The JFSC has been focusing heavily on Suspicious Activity Reports ("SARs") recently. This is understandable. SARs are a crucial part of the regulatory framework. If regulated businesses are properly reporting suspicions of criminal conduct then the law enforcement agencies receive vital ammunition for cleaning up the finance industry and investigating crime without lifting a finger. The regulator can step back and leave reporting to businesses, as long as they can be trusted to make SARs when they should.

The Head of Enforcement at the JFSC, Barry Faudemer, has this to say on the topic:

"The JFSC is afforded access to SARs and they are crucial in protecting investors from suffering financial losses and safeguarding the integrity of our finance industry. They form a critical part of what is often a complex jigsaw puzzle of information and timely reporting is key. Our Supervisors will be keen to ensure that SARs are submitted to JFCU as soon as is reasonably practicable. The reason for any delay should be clearly documented.

JFSC staff have seen for themselves how SAR intelligence makes a huge difference and enables the regulator to prevent financial crime working closely with the Joint Financial Crimes Unit. Very often the person submitting the SAR may not appreciate the key role they are playing in contributing to piecing together the jigsaw puzzle. I can only say that in some cases if we had not received a particular SAR we might not have been able to have protected some very vulnerable members of our society."

SARs are something the JFSC can measure. It knows how many SARs each business makes. It takes a keen interest in how many internal SARs are externalised, and how quickly internal SARs are evaluated by the MLRO.

Though there are no specific targets in the AML Handbook, the JFSC will look at the ratio of internal SARs being externalised, and the time taken to evaluate internal SARs. MLRO's can expect to be asked to explain any time delays in the evaluation process and any decision not to submit an internal SAR to JFCU. A high percentage of internal SARs that are not submitted to JFCU may be indicative of a dysfunctional AML function within a business.

Some businesses appear to be working towards a target of 75% of internal SARs externalised, or 30 days to evaluate an internal SAR. However these are not targets approved by the JFSC, and meeting these measures may well not in itself be sufficient to demonstrate full compliance. What is adequate to comply with the regulatory requirements will of course vary from business to business and case to case. Barry Faudemer, who is also the JFSC's MLRO, comments "In some cases a SAR should be submitted immediately for example to prevent financial loss or assist the authorities with a terrorism investigation. I usually process internal SARs submitted to me by JFSC staff and place them in the hands of JFCU within 48 hours. Setting any benchmark for the volume of SARs externalised is dependent on many factors including the type and scale of business together with the risk appetite of the firm."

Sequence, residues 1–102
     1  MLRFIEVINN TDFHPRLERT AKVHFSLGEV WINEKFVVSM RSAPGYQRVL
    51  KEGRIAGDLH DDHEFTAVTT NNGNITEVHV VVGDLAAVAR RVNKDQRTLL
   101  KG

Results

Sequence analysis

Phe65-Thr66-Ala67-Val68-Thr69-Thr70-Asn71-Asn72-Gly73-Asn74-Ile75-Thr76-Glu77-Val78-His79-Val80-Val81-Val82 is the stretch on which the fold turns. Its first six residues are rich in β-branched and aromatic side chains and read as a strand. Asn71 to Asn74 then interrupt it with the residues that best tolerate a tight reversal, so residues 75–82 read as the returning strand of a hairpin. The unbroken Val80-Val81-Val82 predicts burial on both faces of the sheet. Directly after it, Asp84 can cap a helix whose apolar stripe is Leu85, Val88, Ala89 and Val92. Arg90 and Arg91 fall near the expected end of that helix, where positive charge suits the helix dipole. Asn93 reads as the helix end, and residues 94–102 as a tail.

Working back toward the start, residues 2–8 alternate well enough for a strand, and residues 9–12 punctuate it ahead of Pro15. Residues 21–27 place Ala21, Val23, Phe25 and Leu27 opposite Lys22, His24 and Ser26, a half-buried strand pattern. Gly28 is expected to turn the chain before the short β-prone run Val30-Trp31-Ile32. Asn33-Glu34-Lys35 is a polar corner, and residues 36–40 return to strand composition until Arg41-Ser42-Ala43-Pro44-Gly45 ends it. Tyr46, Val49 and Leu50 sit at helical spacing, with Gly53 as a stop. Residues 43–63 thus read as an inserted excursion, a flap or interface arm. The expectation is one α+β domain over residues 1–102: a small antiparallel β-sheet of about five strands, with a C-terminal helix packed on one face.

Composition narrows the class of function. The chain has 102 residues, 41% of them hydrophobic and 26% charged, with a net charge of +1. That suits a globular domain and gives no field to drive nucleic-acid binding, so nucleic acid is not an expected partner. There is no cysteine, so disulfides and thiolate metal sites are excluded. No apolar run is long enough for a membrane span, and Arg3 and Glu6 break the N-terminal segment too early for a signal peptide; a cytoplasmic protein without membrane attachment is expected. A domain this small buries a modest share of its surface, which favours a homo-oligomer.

The requirement as to timing is to make a SAR as soon as is reasonably practicable. Some SARs are so obviously reportable and urgent that they should be externalised immediately, and in such cases waiting without good reason would constitute a breach for failing to report in good time.

However taking several weeks may be a reasonable timeframe in more complex cases, giving time to investigate the case, and some cases may reasonably take even longer to investigate properly. It is important to avoid falling into the trap of waiting to secure firm evidence of money laundering before submitting a SAR. Only a suspicion of money laundering is required to activate the requirement to submit a SAR.

Monitoring the percentage of SARs externalised can only be a rough guide to the general effectiveness of the SAR procedures in a business. If staff are very cautious then many internal SARs may be made which the MLRO properly decides not to externalise. If staff have poor AML awareness or the culture is hostile to reporting, so only a few internal SARs are made, but each one plainly needs externalising, there is still a problem. Plainly a lot depends on the quality of the training and culture in the business, and the competency of the MLROs and their decision making.

As for measuring SAR reporting, how many SARs should each business be making? Will the JFSC consider a business to be higher risk if it is making "too many" SARs (indicating that it must have too much risky business), or if it is making "too few" SARs (indicating that its staff must be failing to report suspicions adequately)? We can expect the JFSC to apply a risk based approach to this. I posed these questions to Barry Faudemer, and his response was this: "I cannot recall a case in recent times where a business has submitted too many SARs and caused alarm to the JFSC. Enforcement have however received referrals and conducted investigations into instances where a business has failed to file a SAR with JFCU. This usually leads to the identification of wider AML weaknesses within a business requiring enforcement action to remedy the shortfall".

The important thing is ensure that your SAR reporting system is working properly. If the staff know when to report something, they are encouraged to do so, and the MLRO competently and promptly evaluates it, and externalises where appropriate without obstruction from the business, then the system is working. Simply saying you have the procedures will not be enough. Expect the JFSC to require clear proof that your SAR procedures are effective.

The content of this article is intended to provide a general guide to the subject matter. Specialist advice should be sought about your specific circumstances.